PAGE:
The Boy and the Elephant includes exquisite artwork on every page, the high standard we have come to expect from Blackwood. The tactile cover and tranquil endpapers set the scene for this visual delight. The illustrations have been created using pencil and oil paints on watercolour paper. A predominately cool toned green and blue colour palette has been used, creating a beautiful sense of calm. The book comprises a variety of page layouts including: single and double-page spreads along with vignettes and picture sequences that create a reading path and convey a sense of time. Angles are used to create a sense of space, and at times fragility.

The Boy and the Elephant is a gorgeous story about mindfulness, imagination and the environment, highly recommended for readers aged 4 years and older. New details in the illustrations will be discovered each time the book is read and meaningful discussion is likely to stem from the variety of inferences that the audience makes. The Boy and the Elephant is a masterpiece in the promotion of visual literacy.

Thursday, 25 November 2021

The Midnight Girls

The Midnight Girls
by Alicia Jasinska (Penguin Random House) PB RRP $19.99 ISBN 9781760894733

Reviewed by Kathleen Grace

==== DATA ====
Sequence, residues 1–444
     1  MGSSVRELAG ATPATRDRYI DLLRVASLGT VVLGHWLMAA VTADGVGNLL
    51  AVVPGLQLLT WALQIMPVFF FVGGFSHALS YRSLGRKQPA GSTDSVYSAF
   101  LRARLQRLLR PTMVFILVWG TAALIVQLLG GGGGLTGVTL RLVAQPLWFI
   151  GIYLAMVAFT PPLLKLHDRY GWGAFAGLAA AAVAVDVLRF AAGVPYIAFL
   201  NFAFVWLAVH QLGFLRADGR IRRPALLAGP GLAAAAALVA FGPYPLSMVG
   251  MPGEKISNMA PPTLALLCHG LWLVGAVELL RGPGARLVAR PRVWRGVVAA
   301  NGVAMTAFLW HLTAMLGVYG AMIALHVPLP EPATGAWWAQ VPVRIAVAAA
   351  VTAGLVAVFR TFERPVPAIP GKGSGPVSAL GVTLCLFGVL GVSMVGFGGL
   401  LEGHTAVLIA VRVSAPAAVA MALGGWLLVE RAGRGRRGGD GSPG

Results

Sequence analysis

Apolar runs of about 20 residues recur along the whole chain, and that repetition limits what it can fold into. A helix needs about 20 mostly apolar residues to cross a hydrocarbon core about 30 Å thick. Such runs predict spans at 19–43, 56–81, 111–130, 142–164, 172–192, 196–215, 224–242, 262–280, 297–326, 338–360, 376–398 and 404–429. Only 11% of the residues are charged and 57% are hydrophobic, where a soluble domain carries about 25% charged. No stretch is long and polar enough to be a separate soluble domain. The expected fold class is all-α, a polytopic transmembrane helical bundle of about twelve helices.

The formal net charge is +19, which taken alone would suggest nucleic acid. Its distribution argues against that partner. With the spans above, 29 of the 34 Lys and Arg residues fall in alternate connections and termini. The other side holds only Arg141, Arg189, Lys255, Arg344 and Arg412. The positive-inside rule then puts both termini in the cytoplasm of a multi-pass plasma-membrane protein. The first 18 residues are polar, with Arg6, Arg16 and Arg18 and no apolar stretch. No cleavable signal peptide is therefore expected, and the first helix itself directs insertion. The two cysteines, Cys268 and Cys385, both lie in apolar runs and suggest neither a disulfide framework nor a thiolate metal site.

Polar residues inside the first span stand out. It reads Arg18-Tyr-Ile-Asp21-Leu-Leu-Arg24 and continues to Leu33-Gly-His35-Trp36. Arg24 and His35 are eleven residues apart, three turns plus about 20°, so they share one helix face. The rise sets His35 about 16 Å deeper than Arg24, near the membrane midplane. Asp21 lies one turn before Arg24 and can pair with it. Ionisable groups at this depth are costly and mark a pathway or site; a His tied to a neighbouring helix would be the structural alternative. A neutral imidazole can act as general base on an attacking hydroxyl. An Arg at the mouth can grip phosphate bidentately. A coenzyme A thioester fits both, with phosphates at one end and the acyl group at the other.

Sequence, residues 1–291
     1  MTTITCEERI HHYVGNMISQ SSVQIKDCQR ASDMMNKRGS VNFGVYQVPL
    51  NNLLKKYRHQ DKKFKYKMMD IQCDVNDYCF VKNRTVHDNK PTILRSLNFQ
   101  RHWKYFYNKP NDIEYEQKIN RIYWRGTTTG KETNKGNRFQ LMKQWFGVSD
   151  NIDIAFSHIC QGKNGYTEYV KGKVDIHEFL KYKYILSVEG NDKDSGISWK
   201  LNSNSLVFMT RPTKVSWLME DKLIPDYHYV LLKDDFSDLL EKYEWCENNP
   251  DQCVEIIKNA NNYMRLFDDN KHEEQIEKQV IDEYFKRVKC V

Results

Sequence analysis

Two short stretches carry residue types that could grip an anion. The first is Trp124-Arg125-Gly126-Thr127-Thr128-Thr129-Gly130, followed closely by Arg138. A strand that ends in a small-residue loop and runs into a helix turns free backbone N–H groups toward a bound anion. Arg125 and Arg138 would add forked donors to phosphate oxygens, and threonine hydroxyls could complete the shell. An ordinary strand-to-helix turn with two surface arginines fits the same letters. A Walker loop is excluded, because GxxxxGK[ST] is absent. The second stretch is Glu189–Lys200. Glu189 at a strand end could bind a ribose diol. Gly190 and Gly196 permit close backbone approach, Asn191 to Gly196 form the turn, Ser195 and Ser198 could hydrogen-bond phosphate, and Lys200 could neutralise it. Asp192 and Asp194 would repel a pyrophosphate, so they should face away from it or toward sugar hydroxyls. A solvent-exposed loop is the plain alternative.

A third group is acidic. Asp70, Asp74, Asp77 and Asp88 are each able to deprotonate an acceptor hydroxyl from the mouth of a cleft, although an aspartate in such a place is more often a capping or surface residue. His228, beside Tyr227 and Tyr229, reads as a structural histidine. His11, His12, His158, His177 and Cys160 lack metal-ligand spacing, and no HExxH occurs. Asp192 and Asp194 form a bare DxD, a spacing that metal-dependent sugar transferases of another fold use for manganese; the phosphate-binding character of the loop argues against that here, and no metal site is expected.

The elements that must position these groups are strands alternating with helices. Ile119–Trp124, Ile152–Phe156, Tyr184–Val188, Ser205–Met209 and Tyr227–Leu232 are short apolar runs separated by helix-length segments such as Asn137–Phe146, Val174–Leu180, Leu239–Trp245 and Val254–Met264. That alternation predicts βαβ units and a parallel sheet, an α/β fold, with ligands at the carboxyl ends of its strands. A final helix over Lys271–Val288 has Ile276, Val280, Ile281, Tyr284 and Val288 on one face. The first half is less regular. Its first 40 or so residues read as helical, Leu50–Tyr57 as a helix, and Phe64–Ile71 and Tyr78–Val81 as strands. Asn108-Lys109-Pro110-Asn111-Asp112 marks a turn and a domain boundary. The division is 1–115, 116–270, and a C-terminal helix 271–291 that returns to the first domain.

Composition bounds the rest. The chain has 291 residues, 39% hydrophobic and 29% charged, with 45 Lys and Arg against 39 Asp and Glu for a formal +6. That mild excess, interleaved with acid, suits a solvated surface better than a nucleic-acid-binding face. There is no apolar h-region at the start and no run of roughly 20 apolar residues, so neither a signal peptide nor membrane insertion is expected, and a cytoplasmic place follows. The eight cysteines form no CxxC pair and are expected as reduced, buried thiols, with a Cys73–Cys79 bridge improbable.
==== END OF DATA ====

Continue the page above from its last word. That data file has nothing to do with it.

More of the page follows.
In a snow-covered kingdom, two wicked rivals secretly compete for the heart of a prince, only to discover they might be falling for one another. Zosia and Marynka are drawn to each other the moment they meet – until they discover they both have their sights set on the same thing – to literally take the prince’s heart from his chest as part of a deed. If one consumes a pure heart, she’ll gain immeasurable power. Marynka plans to take the prince’s heart back to her patron to prove herself, while Zosia is determined to take his heart and its power for itself.

Their ambition turns into a magical contest, even as their attraction to one another grows. But their attempts on the prince’s life draws the attention of the city that would die for him, and their escalating rivalry might cost them not only their love for each other, but both their lives.